Earlier this week, I saw an article in the April 2006 issue of Wired magazine in which Will Wright, the creator of The Sims, makes the case that electronic games are a powerful means for unleashing the human imagination. While he acknowledges some of the negatives widely attributed to electronic games (violence, addictive nature, etc.), he makes a pretty compelling case that gaming provides actual benefits to society through the expansion of "creativity, community, self-esteem, and problem-solving."
In the interest of full disclosure…while Will Wright is legendary in the computer gaming world, my gaming "pedigree" pretty much begins and ends twenty some odd years ago with my pac man spinning uselessly in a corner with the "bad guy" ghosts looming — game over in less than a minute. All the while, my darling husband shaking his head in disbelief. It might have been the lowest score in the history of the game.
But in this article, here’s a guy speaking my language. I’m so intrigued I may even give one of the new generation of games a try. The "gamers mindset" as described by Wright, just may be the hope of the future of an innovation economy. Here’s why…
The method of play for these games is experiential, learning in context, trial and error, and rapid, repeated cycling through the scientific method (hypothesis — "if I do…," experiment — "give it a try," and analysis — "what worked/didn’t work & why").
Through this "gamers mindset" learning process, Wright suggests that the players learn to "treat the world as a place for creation, not consumption." Wow. This pairs natural curiosity with active experimentation and higher order thinking. Problem-solving is organic and rules evolve in response to the emerging world — innovation becomes the standard process.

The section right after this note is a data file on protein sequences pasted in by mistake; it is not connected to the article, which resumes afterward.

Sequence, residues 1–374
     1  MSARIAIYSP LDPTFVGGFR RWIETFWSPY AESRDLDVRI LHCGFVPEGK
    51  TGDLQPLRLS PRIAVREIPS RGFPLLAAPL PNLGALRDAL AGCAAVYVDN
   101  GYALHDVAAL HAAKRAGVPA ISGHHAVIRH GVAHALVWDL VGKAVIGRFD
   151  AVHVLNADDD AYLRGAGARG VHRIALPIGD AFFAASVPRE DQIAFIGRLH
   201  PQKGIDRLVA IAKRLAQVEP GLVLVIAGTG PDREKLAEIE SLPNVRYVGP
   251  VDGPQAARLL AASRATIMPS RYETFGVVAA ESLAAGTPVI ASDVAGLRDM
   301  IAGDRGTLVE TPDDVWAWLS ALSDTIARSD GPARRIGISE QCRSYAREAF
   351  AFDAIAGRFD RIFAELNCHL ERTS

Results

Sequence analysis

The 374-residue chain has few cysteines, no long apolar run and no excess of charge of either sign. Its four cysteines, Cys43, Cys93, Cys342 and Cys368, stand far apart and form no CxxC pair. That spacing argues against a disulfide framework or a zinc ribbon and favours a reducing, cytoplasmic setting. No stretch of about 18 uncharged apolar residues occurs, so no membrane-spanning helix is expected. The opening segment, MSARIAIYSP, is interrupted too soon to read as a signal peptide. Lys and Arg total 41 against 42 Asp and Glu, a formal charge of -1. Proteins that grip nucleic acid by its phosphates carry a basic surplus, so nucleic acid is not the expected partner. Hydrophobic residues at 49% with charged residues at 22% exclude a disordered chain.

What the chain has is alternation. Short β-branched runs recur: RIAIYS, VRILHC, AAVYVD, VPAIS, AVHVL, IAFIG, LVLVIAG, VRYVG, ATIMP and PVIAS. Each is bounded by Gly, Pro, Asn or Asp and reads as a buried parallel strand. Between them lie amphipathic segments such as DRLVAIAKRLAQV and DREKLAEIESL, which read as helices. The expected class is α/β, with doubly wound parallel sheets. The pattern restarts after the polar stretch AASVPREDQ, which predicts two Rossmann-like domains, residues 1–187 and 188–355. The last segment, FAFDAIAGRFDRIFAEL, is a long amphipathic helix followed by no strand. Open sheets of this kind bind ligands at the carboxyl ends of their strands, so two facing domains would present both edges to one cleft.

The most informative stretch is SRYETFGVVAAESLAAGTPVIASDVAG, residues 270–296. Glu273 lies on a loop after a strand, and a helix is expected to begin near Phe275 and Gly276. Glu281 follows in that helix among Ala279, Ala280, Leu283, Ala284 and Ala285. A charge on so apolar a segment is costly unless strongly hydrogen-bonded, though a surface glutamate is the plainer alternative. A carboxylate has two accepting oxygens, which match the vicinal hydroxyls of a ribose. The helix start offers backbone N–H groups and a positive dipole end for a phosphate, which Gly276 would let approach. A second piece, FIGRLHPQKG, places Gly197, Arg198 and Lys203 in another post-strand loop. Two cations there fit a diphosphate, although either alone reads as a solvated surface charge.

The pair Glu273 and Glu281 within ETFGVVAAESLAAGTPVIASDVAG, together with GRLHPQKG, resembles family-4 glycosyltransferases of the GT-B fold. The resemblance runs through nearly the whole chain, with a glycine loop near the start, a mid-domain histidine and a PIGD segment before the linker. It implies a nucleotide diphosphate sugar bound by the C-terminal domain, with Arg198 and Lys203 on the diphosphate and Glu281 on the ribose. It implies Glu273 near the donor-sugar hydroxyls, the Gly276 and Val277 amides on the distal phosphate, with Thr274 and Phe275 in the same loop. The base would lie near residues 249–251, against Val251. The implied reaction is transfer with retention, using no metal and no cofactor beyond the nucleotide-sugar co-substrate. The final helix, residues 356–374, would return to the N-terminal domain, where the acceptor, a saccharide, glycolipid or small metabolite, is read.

Wright explains, "Players navigate the game’s possibility space (as defined by the given conditions and the end goal) by their choices and actions; every player’s path is unique." Active involvement is key– creating and interacting with worlds, characters, and story lines. Imagine if we consciously approached our careers or businesses — our lives — in this way…creating new possibilities over and over again through the simple process of wondering…posing a hypothesis and then testing it out — knowing ourselves to be active participants…creators, not merely observers and reactors.
The future, Wright suggests, includes more and more opportunities for creation built in as the game, the individual players, and vibrant player communities collaborate in the creation of new experiences and new possibilities. In this way the games become a "visible, external amplification of the human imagination." Imagine what can happen when you bring the gamer’s mindset and strategies, supported by years of gaming experience, to the problems, challenges, and possibililties of the world we live in…oh boy…benefits to society, indeed!